As previewed for the public already, "Murder My Heart" stakes a new bearing for KMFDM with Lucia well in her element inside a skip rope of electro pop. This is sure to both excite and alienate some listeners, but anyone following this band for a long time knows it has yet again hit a need to swing instead of clout. "Naïve", "Money" and "Nihil"—1990, 1992, and 1995 respectively—being three points where KMFDM staked its claim, even with "Money" pared of En Esch's contributions, as a mutinous mutant dance party machine. Whether or not the group begins to internally loathe "Murder My Heart", assuredly destined for the stage, like "Juke Joint Jezebel" will be something to keep tabs on later down the road. As it stands, "Murder My Heart" is a head-turner, but no less than "Blitz"'s "People of the Lie". Truth of the matter, these left-of-center steps out of KMFDM's rowdy epicenter are welcome, if for nothing else, to show off the group's ability to write.
"Rip the System v. 2.0" is a reworking from the 1989 version found on "UAIOE", right down to its synthesized reggae splashes and prowling digi-rhythms. Some louder guitar dumps and scratchy voice samples behind Sascha's choky recitations give this redux a smidge more heft. Not a day goes by without terrible events and a lack of hope for a change, these reminders are the reason to dust off "Rip the System". Nothing has changed nearly three decades since its original release, and at the minimum, its revival here serves up a necessary caveat.
Letting sheep think for themselves behind smokescreens of "monetized content" is what Sascha cajoles into the retro thump behind "Fake News". It's fitting that KMFDM is one of the first to attack the trendy colloquialism made popular by everyone from Donald Trump, to alternate fact finders, to rabble-rousing Facebookers. The emphasis on drum machines and lesser guitars serves the track's snide revelry.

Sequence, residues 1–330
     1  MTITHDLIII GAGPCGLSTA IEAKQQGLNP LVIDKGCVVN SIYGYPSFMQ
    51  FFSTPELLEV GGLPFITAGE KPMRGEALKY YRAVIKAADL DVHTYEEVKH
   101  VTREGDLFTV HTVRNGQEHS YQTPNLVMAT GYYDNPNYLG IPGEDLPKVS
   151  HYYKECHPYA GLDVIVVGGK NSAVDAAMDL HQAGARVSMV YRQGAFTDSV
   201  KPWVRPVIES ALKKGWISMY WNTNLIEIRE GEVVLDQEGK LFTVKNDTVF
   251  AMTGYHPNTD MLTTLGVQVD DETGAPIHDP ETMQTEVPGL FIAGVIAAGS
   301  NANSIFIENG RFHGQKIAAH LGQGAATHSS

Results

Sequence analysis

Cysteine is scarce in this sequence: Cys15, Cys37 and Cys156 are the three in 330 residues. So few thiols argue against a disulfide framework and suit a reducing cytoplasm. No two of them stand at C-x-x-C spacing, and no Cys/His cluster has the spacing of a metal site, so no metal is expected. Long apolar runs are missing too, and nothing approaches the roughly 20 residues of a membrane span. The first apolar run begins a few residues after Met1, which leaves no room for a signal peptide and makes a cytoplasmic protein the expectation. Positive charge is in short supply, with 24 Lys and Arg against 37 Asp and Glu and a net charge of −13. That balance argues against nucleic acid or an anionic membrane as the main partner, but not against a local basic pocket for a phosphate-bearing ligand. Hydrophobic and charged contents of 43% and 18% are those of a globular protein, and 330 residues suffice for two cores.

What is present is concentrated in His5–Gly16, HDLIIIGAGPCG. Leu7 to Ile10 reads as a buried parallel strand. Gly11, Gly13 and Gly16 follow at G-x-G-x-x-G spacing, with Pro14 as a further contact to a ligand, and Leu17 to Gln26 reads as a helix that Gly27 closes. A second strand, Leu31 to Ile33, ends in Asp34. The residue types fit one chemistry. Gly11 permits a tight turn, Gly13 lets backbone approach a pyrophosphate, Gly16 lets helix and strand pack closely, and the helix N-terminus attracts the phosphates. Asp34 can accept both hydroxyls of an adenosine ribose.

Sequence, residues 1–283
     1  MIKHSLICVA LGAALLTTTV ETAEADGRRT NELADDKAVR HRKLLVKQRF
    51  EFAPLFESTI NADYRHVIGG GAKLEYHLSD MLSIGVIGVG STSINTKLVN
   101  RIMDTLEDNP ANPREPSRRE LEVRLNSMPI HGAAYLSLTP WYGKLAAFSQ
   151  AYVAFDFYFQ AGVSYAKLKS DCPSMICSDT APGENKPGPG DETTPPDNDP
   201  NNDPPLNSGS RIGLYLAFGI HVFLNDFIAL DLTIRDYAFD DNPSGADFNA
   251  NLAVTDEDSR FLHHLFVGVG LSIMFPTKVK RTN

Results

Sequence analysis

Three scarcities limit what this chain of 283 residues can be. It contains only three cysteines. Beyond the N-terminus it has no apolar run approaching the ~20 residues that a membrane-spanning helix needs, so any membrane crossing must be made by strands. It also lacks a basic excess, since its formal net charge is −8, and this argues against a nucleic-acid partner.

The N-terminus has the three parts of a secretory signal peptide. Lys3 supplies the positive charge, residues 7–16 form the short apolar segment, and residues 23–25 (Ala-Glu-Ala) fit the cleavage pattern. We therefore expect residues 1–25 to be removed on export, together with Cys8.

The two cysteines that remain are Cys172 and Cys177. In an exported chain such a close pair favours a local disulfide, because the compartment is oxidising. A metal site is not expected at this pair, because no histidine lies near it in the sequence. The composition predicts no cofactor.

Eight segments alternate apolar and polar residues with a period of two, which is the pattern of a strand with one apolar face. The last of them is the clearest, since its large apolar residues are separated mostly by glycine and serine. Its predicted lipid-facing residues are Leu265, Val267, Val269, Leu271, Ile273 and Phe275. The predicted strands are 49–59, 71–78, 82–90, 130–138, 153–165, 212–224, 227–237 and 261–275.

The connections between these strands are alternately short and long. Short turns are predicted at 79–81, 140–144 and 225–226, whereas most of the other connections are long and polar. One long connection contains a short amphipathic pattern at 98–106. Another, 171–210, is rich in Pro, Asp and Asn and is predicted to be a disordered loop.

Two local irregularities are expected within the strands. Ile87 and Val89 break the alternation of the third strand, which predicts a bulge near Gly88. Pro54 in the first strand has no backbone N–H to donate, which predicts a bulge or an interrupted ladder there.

Those who have become addicted to the monstrous riffs that have turned KMFDM into a bouncing juggernaut will find their pleasure pill with "Burning Brain", one of the fiercest tracks on the album. The digi-scrambled beats and Chris Harms's ratchety guitar chunks are set to full slug mode and a squealing solo makes it all the juicier. And would you expect a song called "Glam Glitz Guts & Gore" to sound pussy? Hardly thus. If anything, it's the monster finish you're hoping for.
"Hau Rock", "Tohuvabahu", "WTF? " and "Kunst", earlier KMFDM albums, present a steady succession of aggressive, guitar-hungry grooves, which gives an album, with a joyous preamble titled "Hell Yeah", the opportunity to decimate. Okay, so that doesn't happen, but not everything can be the fist-banging mania of "Power", "Stars and Stripes", "Looking for Strange" or "A Drug Against War". "Hell Yeah" loses not a lick of its lyrical venom, but it does give Sascha and Lucia the opportunity to give their calamitous antagonism spores of verve with old school wax and mechanized shakes. Definitely a grower album.